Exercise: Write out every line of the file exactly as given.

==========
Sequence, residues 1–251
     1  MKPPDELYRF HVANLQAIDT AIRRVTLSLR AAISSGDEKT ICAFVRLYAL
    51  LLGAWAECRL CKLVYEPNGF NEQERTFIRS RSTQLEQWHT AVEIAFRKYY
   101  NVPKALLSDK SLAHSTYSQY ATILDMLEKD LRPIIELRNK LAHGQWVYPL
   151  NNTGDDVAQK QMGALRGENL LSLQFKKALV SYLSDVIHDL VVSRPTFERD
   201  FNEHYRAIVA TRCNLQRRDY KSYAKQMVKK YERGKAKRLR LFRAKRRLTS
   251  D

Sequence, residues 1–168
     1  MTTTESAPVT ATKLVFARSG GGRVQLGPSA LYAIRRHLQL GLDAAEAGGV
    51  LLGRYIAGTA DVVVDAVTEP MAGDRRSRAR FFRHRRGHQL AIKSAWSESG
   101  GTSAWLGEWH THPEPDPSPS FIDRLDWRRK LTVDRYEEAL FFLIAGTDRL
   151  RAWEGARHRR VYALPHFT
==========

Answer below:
Sequence, residues 1–251
     1  MKPPDELYRF HVANLQAIDT AIRRVTLSLR AAISSGDEKT ICAFVRLYAL
    51  LLGAWAECRL CKLVYEPNGF NEQERTFIRS RSTQLEQWHT AVEIAFRKYY
   101  NVPKALLSDK SLAHSTYSQY ATILDMLEKD LRPIIELRNK LAHGQWVYPL
   151  NNTGDDVAQK QMGALRGENL LSLQFKKALV SYLSDVIHDL VVSRPTFERD
   201  FNEHYRAIVA TRCNLQRRDY KSYAKQMVKK YERGKAKRLR LFRAKRRLTS
   251  D

Sequence, residues 1–168
     1  MTTTESAPVT ATKLVFARSG GGRVQLGPSA LYAIRRHLQL GLDAAEAGGV
    51  LLGRYIAGTA DVVVDAVTEP MAGDRRSRAR FFRHRRGHQL AIKSAWSESG
   101  GTSAWLGEWH THPEPDPSPS FIDRLDWRRK LTVDRYEEAL FFLIAGTDRL
   151  RAWEGARHRR VYALPHFT